Doctors have expressed frustration over Jeremy Hunt's redefining of the four-hour A&E wait time targets in response to the massive strain on NHS hospitals' emergency departments.
Speaking in parliament on Tuesday, the health secretary said the target of getting 95% of patients seen within four hours – a policy introduced by Labour – should apply only to "urgent health problems".
He said: “This government is committed to maintaining and delivering that vital four-hour commitment to patients. But since it was announced in 2000, nearly 9 million more people are using our A&Es, up to 30% of whom NHS England estimate do not need to be there, and the tide is continuing to rise.
"So if we are going to protect the four-hour standard, we need to be clear it is a promise to sort out all urgent health problems within four hours, but not all health problems, however minor."
His statement provoked outrage among doctors, who have said the pressures in A&E are the result of a multitude of challenges.
"Patients will still be waiting as long, Hunt has just decided he doesn't want to measure unfavourable statistics anymore," Dr Amar Mashru, an emergency medicine specialist told us. He believed that instead, it meant the crisis became "harder to quantify if you remove the measures by which they are measured".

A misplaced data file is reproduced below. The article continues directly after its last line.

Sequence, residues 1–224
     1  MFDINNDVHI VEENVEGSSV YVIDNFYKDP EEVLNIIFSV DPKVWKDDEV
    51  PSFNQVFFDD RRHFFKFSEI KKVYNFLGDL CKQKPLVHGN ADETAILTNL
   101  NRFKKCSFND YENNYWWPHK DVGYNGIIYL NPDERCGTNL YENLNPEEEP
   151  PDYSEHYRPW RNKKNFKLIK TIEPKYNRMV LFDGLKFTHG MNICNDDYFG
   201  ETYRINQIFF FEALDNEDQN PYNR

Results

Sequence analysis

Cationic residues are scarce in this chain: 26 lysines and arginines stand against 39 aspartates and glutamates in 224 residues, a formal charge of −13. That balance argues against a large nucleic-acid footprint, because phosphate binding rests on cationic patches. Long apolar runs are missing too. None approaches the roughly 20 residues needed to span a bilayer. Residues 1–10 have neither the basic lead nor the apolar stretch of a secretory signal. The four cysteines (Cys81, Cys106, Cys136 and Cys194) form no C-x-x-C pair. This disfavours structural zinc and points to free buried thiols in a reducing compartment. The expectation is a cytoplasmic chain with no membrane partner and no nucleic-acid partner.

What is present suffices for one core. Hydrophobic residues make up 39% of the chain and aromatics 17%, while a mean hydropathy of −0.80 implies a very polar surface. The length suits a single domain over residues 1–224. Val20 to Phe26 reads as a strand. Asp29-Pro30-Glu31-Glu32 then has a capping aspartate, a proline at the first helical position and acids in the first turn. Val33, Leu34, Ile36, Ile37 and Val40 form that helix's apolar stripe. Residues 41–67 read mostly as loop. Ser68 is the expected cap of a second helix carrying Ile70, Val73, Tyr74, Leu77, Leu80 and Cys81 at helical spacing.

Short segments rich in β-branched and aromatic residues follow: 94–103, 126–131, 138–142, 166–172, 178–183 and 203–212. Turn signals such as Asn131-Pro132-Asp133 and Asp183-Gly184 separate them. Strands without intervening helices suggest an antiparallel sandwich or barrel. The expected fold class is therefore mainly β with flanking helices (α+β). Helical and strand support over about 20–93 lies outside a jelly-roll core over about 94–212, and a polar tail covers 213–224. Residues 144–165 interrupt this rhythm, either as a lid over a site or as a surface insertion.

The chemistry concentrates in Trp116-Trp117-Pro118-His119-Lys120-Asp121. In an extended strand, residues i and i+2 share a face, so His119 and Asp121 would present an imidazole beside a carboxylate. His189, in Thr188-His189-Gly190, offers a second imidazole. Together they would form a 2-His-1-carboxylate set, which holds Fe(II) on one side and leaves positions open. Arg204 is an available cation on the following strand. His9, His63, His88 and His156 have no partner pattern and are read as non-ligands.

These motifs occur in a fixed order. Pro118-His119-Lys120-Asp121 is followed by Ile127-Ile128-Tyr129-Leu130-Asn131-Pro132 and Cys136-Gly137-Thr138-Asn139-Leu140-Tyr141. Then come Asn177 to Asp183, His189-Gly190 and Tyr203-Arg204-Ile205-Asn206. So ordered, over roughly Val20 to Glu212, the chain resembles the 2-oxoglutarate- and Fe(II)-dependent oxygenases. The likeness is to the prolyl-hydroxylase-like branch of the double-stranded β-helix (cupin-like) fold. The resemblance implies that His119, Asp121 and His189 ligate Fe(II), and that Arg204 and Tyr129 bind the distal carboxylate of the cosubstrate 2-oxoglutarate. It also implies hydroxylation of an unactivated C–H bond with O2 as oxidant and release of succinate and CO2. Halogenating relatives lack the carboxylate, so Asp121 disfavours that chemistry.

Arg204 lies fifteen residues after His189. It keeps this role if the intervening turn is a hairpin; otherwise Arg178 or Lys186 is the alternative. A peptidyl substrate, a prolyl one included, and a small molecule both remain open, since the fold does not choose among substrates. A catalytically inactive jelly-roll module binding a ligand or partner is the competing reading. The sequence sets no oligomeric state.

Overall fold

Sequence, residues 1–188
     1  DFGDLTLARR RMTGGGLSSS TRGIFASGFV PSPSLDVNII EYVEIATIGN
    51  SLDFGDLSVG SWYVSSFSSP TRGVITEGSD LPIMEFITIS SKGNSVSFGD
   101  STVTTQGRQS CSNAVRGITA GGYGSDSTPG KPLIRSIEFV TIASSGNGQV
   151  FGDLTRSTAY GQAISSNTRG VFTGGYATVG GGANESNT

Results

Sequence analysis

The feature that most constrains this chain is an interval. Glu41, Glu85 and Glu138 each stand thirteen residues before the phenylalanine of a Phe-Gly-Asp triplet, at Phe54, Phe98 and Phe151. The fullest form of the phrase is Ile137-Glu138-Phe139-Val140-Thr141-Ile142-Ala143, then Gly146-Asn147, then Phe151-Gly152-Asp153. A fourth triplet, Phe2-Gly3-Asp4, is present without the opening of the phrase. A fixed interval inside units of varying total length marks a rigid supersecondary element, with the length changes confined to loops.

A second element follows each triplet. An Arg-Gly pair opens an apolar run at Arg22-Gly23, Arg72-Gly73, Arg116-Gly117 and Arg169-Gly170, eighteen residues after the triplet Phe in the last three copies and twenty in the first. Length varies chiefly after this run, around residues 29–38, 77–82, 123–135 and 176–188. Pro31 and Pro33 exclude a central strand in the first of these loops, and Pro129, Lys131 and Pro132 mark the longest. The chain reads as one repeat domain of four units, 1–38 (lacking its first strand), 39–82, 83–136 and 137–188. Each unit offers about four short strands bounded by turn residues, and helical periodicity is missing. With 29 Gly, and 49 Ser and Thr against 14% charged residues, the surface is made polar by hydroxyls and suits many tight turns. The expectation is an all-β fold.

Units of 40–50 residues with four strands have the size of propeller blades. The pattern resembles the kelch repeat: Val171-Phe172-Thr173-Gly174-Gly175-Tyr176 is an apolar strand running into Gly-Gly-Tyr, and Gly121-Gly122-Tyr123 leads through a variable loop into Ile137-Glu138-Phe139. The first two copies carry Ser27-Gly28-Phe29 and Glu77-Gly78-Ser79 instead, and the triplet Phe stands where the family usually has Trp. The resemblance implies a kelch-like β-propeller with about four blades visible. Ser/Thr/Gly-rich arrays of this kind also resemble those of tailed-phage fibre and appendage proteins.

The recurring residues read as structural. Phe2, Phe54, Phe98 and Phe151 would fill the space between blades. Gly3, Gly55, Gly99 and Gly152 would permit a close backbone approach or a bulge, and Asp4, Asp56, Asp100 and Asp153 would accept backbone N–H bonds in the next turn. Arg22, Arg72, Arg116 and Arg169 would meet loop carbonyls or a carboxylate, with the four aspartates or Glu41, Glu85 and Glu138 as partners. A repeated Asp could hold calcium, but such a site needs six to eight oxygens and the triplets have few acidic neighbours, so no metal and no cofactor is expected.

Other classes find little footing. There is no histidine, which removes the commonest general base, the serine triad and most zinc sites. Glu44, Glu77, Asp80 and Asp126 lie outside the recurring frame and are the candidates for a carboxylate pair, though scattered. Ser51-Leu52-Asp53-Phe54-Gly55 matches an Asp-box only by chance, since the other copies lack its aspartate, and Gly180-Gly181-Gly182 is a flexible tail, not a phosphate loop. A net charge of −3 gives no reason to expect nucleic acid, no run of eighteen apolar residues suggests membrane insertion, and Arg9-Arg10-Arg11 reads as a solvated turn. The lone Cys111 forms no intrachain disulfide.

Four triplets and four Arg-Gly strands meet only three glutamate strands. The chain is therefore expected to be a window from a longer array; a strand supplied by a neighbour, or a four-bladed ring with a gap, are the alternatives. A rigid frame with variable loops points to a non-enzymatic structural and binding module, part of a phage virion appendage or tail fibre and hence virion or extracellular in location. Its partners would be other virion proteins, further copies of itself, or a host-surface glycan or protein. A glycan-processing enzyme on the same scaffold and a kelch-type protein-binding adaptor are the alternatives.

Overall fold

Hunt's decision to shift the targets came ahead of new NHS Improvement data that showed there were more than 18,000 people waiting on trolleys in A&E departments in hospitals in England last week alone.
Up to 485 of those patients had to wait for over 12 hours – three times the number for the whole of January last year, according to the BBC.
"Does he not understand this is real life?" Dr Rachel Clarke, a junior doctor in Oxford, told BuzzFeed News. "Patients are really dying in corridors in our A&Es, with many more languishing in those corridors for hours upon hours before even being seen by a doctor."
Clarke accused Hunt of failing to address the current crisis facing A&E and instead "trying to make it disappear by fiddling the figures".
In recent years, under-resourced NHS hospitals have struggled to meet the four-hour target.
"I am genuinely fearful that removing the four-hour target from ‘non-urgent’ cases will mean patients being shoved to the back of the A&E queues where they will sit, ignored, for far too long," Clarke added.